As expected, pending home sales fell in September as the economy continued to deteriorate, according to data released Friday by the National Association of Realtors. After an encouraging gain in August, the pending home sales index declined 4.6 percent in September to a reading of 89.2. The index is a forward-looking economic indicator based on contracts signed for the purchase of existing homes during the month.
In a bit of good news, the index is 1.6 percent higher than it was in September 2007. It was the second month in a row that pending sales have risen on a year-over-year basis.

“The month-to-month weakening in pending home sales is understandable,” NAR chief economist Lawrence Yun said in a statement, “but because the index remains above year-ago levels, it means we’re still in a broad period of stabilization.”

Regionally, the index showed mixed results. In the West, the index rose 3.7 percent compared to the previous month to 113.6. It remained essentially unchanged at 83.3 in the Midwest. The index fell, however, 7.9 percent month-over-month to 83.3 in the South. In the Northeast, it slid 16.8 percent on a monthly basis to a reading of 66.4.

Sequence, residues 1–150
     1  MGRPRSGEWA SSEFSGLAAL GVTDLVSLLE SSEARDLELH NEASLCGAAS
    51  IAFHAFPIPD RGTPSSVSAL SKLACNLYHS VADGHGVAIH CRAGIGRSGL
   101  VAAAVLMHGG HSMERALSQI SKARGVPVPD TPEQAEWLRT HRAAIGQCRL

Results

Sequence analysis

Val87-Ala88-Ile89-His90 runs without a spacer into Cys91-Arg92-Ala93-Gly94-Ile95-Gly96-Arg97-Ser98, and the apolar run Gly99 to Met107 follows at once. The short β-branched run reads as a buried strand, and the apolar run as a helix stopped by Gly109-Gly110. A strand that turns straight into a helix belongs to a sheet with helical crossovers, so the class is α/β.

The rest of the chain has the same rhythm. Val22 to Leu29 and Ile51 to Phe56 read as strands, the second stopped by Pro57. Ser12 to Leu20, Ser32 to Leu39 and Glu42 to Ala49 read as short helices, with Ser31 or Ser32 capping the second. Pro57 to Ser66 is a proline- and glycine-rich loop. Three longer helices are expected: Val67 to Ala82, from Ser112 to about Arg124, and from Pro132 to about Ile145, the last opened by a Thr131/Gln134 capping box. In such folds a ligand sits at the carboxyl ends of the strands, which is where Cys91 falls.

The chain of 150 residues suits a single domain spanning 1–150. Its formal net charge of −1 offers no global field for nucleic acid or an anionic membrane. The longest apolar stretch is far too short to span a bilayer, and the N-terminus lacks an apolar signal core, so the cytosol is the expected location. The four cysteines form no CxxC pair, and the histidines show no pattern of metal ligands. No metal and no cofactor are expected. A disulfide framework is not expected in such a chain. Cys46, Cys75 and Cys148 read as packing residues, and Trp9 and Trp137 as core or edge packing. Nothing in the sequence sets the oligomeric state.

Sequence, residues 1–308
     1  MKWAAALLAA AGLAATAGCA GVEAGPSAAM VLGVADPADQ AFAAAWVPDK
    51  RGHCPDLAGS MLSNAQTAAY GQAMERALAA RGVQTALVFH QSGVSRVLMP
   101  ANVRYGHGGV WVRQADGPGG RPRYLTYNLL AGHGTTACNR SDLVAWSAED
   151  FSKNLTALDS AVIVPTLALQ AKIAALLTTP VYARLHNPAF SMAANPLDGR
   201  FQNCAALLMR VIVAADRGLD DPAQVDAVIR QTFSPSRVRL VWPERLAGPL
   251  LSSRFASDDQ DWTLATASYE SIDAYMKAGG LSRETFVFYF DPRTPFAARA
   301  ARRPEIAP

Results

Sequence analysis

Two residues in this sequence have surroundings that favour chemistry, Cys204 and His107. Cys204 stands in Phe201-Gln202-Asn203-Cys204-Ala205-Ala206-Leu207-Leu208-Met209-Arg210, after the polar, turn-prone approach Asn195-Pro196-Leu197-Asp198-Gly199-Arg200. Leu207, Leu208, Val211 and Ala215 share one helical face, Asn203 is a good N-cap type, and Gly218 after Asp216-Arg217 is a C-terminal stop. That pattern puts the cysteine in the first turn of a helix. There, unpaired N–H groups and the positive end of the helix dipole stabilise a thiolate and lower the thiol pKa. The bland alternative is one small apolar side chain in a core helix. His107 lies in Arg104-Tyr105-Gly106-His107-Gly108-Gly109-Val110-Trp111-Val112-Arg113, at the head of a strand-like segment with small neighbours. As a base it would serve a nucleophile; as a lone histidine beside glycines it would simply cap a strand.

Yun projects contraction in the U.S. gross domestic product for the fourth quarter of 2008 and the first quarter of 2009.

“Right now, we’re in a recession,” he said, “and unemployment will increase through 2009. … The depth of the recession depends entirely on housing--with sufficient housing stimulus, the recession will be shallow. If actions stay focused on housing, the cost to the Treasury would be much less than the potential losses in the nation’s output and income in a severe recession.”

Pat Curry is senior editor, sales and marketing, at BUILDER magazine.